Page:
Befuddlement is sometimes my companion. We walk and talk, but rarely understand one another. I tell my students sometimes that confusion does not need to be unpleasant since it is a signal that we might have something to learn.
When I landed in the branch of mathematics called graph theory, I thought it was like home, but without chores. Who really needs to take out the trash in graph theory? It was pure and pristine. Uncluttered by philosophy, religion, politics or money: graph theory was pure math and pure art at the same time. Since it was math it was funded by NSF rather than NEA, and what crazy legislator would ever deny the progress of science in bringing the US to the forefront of world prosperity? No one! Not even backspace backspace backspace. Anti-science and sedition would have been one and the same in 1972, Graph theory was art dressed as science and no legislator would have dared to challenge science in 1972. It would have meant that he (he would have been male) was not only a fascist but a warlock as well! All such fascist warlocks would have had to vie for the same congressional seat and in their zeal, said seat would have exploded under the pressure of their counter incantations!
So graph theory was my refuge. A place where I could play and dabble and imagine and have nary a care about either warp drives or neutron bombs! Imagine my confusion when I discovered that graph theory had applications!! Damn! I can't even tell you about my first patent. Or my first theorem concerning backspace backspace backspace. Or maybe I can. I don't remember.
Since then I have learned to think of applications as like mosquitoes. They sting a bit but they need not prevent the gardener from harvesting a pretty pepper.
So now perhaps you can see how I came to be interested in tiling. Yeah, I can make fissionable alloys out of striate textures that may or may not involve molybdenum (oh do I have a story about the Molybedenum Project of the upper South Platte to tell one day!) -- that's just a mosquito. But I can also tile my bathroom! And if I do my homework I can minimize the number of tiles that need to be cut as I tile around the toilet!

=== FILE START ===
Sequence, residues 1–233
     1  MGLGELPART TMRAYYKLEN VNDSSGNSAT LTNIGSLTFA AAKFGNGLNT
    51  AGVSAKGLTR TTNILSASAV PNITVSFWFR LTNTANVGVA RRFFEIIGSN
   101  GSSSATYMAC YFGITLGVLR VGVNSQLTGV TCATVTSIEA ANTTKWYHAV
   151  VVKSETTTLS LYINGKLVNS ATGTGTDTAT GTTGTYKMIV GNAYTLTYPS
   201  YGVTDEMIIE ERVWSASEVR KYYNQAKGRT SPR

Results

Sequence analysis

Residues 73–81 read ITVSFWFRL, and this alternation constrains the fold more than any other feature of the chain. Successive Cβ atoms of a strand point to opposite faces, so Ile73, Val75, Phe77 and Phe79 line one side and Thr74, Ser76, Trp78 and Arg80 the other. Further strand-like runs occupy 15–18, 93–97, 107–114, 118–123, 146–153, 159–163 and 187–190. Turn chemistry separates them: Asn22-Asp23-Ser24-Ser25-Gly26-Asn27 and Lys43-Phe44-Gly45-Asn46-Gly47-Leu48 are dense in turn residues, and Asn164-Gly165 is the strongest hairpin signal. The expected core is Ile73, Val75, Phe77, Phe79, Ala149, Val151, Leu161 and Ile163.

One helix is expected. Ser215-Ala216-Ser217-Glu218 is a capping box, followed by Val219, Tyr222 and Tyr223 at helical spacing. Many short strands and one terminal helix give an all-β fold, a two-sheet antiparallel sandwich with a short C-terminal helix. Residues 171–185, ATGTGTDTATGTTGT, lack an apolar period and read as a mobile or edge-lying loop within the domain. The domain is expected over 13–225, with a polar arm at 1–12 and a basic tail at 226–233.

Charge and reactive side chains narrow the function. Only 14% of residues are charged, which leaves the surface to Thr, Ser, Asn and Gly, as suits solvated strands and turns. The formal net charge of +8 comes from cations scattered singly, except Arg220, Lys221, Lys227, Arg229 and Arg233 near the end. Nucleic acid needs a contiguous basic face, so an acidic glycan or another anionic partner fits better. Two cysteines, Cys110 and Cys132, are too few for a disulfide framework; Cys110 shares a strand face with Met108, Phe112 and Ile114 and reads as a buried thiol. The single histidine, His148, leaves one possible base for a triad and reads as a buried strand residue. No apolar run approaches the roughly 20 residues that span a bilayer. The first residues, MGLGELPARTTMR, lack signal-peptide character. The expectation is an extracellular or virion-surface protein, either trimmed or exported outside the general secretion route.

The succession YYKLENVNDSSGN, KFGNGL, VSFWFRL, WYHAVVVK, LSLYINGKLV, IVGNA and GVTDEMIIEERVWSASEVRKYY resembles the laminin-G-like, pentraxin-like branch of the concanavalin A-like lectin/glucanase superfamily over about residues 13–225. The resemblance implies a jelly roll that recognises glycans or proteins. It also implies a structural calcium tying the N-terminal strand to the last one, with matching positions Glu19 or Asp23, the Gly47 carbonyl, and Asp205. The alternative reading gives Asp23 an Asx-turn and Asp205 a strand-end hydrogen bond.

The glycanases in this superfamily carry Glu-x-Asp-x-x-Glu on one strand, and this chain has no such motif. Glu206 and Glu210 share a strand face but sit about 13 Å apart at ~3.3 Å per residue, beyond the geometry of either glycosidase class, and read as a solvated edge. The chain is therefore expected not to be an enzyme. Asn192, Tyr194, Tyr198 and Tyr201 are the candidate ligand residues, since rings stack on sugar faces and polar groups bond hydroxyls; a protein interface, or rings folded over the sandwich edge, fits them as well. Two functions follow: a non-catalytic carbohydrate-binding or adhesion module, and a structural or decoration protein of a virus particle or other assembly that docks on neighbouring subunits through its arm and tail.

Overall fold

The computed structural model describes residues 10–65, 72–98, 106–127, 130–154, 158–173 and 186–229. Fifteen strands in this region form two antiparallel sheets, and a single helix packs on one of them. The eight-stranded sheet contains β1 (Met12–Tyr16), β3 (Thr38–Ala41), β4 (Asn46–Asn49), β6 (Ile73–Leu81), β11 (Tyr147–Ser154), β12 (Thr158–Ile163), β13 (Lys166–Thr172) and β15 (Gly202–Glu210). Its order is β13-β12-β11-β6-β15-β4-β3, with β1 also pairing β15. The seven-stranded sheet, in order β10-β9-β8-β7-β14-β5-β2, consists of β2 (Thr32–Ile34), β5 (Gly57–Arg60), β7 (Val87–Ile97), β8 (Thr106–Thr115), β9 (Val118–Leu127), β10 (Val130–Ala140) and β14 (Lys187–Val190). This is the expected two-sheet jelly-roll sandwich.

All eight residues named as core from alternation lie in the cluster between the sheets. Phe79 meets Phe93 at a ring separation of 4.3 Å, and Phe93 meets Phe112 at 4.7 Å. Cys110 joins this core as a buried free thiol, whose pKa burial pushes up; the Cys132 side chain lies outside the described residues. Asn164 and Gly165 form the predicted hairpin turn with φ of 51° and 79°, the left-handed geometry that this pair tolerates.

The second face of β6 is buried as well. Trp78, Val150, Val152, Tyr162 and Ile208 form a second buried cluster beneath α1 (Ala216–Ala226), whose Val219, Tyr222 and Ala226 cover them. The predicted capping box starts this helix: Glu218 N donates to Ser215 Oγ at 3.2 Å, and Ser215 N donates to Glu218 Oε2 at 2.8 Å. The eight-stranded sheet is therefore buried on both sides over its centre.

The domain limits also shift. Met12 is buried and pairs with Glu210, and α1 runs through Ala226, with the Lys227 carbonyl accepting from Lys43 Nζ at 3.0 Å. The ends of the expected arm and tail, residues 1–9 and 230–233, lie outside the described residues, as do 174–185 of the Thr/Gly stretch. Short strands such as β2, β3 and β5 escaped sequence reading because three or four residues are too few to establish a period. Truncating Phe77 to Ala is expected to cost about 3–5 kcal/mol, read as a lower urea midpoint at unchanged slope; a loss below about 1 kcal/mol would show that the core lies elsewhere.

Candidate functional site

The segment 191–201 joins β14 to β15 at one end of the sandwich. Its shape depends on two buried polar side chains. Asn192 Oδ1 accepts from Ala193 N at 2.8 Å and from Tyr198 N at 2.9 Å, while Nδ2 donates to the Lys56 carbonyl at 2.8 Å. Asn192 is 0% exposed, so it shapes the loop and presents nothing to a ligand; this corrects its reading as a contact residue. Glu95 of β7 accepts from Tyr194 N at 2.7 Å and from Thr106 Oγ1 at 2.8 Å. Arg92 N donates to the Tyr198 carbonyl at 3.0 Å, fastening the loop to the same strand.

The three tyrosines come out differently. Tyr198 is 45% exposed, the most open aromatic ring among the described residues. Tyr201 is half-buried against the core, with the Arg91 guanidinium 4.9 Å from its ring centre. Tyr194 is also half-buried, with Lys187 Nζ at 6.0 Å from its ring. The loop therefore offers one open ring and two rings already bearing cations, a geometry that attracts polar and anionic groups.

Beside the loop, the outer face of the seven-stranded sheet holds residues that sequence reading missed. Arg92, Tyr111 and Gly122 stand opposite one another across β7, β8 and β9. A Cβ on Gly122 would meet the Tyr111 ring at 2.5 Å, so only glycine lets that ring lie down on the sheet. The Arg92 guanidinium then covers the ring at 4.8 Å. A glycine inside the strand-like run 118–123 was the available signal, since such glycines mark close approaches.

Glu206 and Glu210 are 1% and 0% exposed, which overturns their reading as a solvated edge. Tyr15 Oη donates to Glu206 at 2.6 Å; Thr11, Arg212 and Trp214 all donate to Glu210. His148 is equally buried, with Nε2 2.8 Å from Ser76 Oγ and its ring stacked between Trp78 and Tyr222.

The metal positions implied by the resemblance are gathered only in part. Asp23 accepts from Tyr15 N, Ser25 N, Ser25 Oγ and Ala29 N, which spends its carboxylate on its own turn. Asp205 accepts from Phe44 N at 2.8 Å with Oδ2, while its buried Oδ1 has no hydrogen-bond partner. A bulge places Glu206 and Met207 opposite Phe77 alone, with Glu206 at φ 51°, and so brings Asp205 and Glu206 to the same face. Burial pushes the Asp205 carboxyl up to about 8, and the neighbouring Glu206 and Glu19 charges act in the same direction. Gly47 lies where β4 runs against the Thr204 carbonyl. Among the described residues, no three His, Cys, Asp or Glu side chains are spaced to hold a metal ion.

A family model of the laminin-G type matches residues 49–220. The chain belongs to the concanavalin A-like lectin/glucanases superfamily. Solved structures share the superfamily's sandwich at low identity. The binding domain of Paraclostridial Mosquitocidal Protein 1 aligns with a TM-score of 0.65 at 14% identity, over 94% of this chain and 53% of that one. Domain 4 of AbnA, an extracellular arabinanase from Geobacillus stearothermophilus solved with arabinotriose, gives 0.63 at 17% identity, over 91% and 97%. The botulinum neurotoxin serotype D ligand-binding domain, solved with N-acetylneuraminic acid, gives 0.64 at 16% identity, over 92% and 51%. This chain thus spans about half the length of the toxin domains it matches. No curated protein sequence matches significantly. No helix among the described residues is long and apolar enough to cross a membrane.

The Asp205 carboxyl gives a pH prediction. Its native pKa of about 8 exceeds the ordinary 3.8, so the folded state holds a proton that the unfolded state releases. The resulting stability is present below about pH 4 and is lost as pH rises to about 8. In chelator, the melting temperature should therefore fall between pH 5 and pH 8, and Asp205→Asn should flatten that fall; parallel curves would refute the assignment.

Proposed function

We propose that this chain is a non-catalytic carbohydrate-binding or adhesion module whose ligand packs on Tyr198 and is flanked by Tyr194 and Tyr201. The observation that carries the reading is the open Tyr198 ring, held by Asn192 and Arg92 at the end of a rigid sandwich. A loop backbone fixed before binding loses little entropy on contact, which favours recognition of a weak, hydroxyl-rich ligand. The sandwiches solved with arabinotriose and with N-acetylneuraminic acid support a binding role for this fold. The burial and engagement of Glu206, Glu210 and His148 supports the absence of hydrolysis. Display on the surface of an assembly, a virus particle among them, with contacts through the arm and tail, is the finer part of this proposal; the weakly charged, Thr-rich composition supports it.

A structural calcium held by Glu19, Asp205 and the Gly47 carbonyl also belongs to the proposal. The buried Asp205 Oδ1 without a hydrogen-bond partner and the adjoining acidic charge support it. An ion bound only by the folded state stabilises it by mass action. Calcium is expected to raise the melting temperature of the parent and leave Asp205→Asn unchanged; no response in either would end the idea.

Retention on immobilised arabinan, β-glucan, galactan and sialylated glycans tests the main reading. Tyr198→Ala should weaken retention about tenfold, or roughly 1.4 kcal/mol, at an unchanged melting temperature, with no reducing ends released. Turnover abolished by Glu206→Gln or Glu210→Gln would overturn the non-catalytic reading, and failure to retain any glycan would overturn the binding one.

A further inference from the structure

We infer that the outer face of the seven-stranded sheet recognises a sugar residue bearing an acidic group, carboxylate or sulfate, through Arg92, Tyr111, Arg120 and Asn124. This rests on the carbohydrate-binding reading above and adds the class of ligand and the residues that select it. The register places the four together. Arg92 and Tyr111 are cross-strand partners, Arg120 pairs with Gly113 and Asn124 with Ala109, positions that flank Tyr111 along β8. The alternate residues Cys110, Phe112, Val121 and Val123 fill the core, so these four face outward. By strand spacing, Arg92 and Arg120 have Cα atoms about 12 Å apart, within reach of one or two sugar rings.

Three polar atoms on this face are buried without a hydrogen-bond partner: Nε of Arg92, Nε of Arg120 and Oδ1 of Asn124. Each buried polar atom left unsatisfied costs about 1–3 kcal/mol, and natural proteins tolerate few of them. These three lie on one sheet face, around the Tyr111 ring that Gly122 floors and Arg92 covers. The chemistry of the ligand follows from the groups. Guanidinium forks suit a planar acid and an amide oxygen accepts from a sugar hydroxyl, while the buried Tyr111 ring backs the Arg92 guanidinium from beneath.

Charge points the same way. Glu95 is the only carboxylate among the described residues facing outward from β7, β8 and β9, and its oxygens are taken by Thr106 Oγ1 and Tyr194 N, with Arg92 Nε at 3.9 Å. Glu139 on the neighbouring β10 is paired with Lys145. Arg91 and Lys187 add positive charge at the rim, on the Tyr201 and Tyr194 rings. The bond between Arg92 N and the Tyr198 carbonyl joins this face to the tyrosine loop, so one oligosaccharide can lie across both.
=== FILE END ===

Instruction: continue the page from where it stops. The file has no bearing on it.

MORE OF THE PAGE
But here's what got me interested in tiling in the first place: there are really simple problems (simple to state, that is) that no one knows the answer to!
No one knows the answer!
Now in today's current political climate if one utters a conjecture followed by the statement "no one knows the answer" , it is likely to cause consternation among two thirds of the American public and 52% of our elected congressfolk. Said consternation is unlikely (in 2015) to result in exile to Belgium, but it may result in reduction of funding to all things mathematical by NSF and kneejerk reduction in funding to 28% of state supported public institutions of learning (and increased assessment to boot - assessment is a secret handshake for backspace backspace backspace)!
So you don't rely on mathematics and science any more: you rely on interior design: the modern engine fueling economic growth for a world increasingly reliant on an increasingly leisurely upper class.
Here is a problem that no one knows the answer to, but which is easy to state:
These are the only known ways to tile the plane infinitely with convex pentagons.
You can count them. There are 14 of them. The number will not change between the first and second time you count them (unless I do some SVG magic while you are looking).
And no one knows if there are more than 14, and the last one discovered was discovered by someone totally untrained in advanced mathematics in (like) 1980 and here it's been 4000 year since humans first started exploring all the different ways that one might tile the plane. And you know what? This is why it is fun!
No one knows the answer!
Oh and I should explain that I got these tiles from Wikipedia (the world's very own encyclopedia) and the code (coming out of Illustrator) was funky so I left behind a better version in repayment for the favor, but the same stuff (in the typically poor web format we have come to expect from the folks behind Mathematica, though they do wonderful math and algorithms!) http://mathworld.wolfram.com/PentagonTiling.html